Peer-reviewed publications

Investigating the Effects of Gender Bias on GitHub

Sentiment and politeness analysis tools on developer discussions are unreliable, but so are people


In my first year of PhD, I worked with Dr. Emerson Murphy-Hill who is now a research scientist at Google. Emerson was already working on a project investigating gender bias in software industry, specifically in open source software. He and his colleagues studied pull request acceptance for men vs women on GitHub; and found that women overall get their pull requests accepted more often than men do, but when the gender of the pull requestor is visible, the trend is reversed. The work, at the time, was heavily talked about in the tech industry (Just google the paper title!).

I, with my lab mates, continued the study of investigating the controversial gender bias in the tech industry. We followed Williams and Dempsey’s framework where they state four patterns of gender bias that women face in the workplace. The framework primarily supposes conventional workplaces, like physical offices. However, we conduct our study on a social coding platform GitHub. We formualted proxy hypotheses curated for GitHub platform based on the original framework. For example, women may face more pushback than men on their pull requests which is a proxy hypotheses for the original pattern of bias — that is — women needs to provide more evidence of competence than men, i.e. Prove-It-Again.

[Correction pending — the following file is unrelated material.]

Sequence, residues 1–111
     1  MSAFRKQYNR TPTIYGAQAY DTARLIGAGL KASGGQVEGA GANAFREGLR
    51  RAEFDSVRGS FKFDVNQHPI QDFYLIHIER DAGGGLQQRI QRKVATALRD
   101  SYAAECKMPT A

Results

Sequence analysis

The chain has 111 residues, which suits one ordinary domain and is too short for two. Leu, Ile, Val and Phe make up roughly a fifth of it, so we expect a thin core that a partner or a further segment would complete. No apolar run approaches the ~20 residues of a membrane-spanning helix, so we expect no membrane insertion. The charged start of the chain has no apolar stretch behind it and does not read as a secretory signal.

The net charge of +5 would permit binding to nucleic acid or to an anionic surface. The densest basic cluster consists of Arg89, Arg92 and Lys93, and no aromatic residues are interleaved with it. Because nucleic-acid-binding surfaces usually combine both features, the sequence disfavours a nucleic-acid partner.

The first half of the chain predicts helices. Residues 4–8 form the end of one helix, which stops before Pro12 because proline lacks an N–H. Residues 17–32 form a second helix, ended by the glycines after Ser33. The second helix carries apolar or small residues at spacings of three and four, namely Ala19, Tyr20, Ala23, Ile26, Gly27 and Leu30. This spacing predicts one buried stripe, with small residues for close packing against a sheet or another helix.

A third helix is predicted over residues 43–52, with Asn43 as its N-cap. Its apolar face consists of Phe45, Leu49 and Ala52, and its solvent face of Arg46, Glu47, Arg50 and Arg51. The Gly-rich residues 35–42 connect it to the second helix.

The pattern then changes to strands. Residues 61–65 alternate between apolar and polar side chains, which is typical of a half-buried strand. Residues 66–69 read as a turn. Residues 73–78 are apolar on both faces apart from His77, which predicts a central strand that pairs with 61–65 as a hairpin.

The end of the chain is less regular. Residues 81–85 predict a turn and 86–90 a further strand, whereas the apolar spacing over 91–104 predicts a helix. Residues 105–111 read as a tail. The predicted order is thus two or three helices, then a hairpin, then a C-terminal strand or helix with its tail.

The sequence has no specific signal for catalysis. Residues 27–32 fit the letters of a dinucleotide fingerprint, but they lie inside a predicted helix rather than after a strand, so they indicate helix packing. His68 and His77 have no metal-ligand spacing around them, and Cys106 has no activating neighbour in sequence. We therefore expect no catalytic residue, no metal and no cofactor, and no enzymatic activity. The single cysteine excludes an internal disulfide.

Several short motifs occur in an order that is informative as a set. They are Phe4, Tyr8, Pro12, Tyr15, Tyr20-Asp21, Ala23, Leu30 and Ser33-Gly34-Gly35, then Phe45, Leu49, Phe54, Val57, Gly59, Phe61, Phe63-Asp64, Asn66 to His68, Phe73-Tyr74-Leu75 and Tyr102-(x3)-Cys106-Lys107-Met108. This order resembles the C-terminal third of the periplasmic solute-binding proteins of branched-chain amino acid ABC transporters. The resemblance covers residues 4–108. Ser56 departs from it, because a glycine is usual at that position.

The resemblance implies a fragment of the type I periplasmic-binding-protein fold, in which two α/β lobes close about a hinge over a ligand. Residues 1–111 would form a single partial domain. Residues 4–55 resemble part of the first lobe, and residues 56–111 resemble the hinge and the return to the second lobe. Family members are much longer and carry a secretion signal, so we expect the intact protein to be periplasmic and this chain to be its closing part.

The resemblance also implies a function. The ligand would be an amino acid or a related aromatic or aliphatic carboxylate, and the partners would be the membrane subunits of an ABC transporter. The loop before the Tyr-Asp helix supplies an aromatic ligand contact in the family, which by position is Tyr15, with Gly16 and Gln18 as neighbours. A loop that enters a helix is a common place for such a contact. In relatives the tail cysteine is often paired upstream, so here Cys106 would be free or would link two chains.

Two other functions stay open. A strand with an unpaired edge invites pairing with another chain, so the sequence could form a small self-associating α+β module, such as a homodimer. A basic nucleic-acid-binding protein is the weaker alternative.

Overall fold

We formulated 12 hypotheses and tested them on the GitHub platform. Our results show that effects of gender bias are largely invisible on the GitHub platform itself. However, there are still signals of women concentrating their work in fewer places and being more restrained in communication than men. Our work was accepted at the International Conference on Software Engineering 2019 (ICSE) which is the top conference for the filed of software engineering. (Wohoo!)

This project also resulted in another workshop paper where we evaluate the sentiment and politeness measurment tools on developer discussion on GitHub. We refer to this evaluation in the ICSE paper to discuss our use of natural language processing (NLP) tools in measuring the communication pattern of women vs men.

What I learned

This was the first project of my PhD marathon which gave me my first peer-reviewed publications. I was introduced with research through this project, and also for the first time, I could use and enhance my coding and scripting skills for a real outcome rather than just school projects. I will try to note down few important points below that comes to my mind at this moment:

  • writing, writing, and writing: God! I never knew academic writing was this hard. Emerson held a pair-writing session (just like pair programming) with me for my first workshop paper which I believed has helped me immensely (A note for future professors!).

  • scripting : The core part of our work was data analysis, that is querying a database and generating the statistics. While my SQL skills improved substantially after this project, I also learned the value of developing good scripts that will automate a process from start to end so that a re-analysis is just a click away.

  • Navigating and tinkering Others’ code :

  • Qualitative coding: No, it’s not any kind of programming.

  • Some statistics:

  • Review and rebuttal